Health claim costs per member, per month for non-group individual health insurance plans will increase 32% under the Affordable Care Act (ACA) is a key finding in the Society of Actuaries study release in March 2013. Reasons for the sharp premium increase projections include the impact of a) high risk pool members, b) employers dropping group coverage, and c) increased morbidity from selection by those currently uninsured who now purchase coverage. The corresponding effect on premium cost was not studied but it appears rising costs would cause a significant rise in premiums charged by insurance companies.
Other key findings include:
- After three years of exchanges and insurer restrictions, the percentage of uninsured nationally will decrease from 16.6% to between 6.8 and 6.6%, compared to pre-ACA projections.
- Under the ACA, the individual non-group market will grow 115%, from 11.9 million to 25.6 million lives; 80% of that enrollment will be in the Exchanges.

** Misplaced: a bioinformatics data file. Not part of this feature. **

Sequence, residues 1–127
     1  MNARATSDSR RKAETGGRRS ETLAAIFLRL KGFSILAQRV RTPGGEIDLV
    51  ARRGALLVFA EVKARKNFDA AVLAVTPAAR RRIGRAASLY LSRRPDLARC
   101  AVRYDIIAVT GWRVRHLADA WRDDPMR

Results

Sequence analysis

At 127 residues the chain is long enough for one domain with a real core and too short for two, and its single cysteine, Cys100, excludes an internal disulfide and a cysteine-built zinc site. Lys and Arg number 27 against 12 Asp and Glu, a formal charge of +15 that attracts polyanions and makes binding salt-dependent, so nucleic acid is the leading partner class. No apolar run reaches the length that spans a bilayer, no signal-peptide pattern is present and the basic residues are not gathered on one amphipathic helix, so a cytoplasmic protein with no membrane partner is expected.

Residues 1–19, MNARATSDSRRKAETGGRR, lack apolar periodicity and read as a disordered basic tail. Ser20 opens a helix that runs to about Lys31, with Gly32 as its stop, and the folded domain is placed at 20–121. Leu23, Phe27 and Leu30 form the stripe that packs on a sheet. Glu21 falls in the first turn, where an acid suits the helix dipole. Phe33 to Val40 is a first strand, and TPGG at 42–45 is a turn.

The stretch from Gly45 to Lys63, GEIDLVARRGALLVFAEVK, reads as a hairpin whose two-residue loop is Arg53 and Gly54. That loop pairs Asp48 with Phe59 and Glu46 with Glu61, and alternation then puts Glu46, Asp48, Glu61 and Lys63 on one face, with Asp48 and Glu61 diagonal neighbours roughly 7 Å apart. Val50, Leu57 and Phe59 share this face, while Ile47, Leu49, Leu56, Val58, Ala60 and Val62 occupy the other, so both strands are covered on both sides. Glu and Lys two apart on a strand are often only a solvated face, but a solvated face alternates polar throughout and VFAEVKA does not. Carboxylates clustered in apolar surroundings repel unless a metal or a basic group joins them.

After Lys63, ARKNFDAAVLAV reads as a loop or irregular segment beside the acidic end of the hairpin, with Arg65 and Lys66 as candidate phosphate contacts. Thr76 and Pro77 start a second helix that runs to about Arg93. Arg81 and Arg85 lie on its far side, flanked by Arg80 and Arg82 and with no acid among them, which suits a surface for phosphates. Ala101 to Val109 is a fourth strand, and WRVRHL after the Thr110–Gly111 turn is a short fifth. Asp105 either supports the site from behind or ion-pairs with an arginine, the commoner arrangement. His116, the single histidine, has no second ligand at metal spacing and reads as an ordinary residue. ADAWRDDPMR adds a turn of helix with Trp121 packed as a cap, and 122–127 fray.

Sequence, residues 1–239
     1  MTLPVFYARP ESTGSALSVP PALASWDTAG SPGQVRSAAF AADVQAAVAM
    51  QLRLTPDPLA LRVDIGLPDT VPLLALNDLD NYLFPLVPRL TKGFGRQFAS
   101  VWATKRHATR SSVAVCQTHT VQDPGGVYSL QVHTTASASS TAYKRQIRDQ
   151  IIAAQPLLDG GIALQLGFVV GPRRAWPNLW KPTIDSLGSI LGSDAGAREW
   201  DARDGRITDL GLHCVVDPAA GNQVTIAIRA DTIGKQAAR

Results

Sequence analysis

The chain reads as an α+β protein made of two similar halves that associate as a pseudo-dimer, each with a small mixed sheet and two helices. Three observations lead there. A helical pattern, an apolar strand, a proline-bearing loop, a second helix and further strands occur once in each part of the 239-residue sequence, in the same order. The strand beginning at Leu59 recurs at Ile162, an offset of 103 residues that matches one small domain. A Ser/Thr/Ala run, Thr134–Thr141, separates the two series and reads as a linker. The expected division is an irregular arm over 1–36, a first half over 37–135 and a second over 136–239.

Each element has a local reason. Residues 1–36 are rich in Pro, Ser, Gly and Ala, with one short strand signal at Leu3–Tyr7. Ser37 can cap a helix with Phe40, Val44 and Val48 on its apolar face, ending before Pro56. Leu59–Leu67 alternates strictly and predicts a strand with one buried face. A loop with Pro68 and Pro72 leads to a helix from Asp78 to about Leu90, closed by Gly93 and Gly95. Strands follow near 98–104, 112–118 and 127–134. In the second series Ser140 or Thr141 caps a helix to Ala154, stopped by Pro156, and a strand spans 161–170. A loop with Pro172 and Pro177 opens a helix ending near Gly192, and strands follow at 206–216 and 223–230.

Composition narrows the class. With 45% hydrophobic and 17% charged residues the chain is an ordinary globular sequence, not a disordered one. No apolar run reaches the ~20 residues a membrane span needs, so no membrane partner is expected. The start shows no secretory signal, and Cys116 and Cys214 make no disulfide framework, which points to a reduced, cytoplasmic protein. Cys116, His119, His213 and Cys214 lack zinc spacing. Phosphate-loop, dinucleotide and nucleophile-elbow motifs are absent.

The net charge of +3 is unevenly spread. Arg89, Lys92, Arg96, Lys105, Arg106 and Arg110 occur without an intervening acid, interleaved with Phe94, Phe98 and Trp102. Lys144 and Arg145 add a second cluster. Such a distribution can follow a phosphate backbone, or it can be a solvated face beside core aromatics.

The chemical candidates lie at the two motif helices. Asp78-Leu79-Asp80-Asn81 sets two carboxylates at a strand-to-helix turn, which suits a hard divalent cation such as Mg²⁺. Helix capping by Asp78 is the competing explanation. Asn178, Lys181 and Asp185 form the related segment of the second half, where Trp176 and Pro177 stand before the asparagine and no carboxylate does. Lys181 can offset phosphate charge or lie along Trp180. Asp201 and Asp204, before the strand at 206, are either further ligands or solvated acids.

The 83 page study attempts to answer a number of other technical questions regarding enrollment and cost projections. One notable exception to the analysis is that it does not include an increase in utilization due to "pent up" demand. A study of near elderly uninsured who are approaching Medicare age found that pent-up demand exists for physician care, but not for hospital inpatient care. That study indicated that during the first two years after receiving Medicare enrollment the previously uninsured had 30% more physician visits. This may indicate that the newly insured under ACA will drive costs with a significant increase in physician services.
Source: Society of Actuaries, Research release March 2013 – Cost of the Future Newly Insured under the Affordable Care Act (ACA)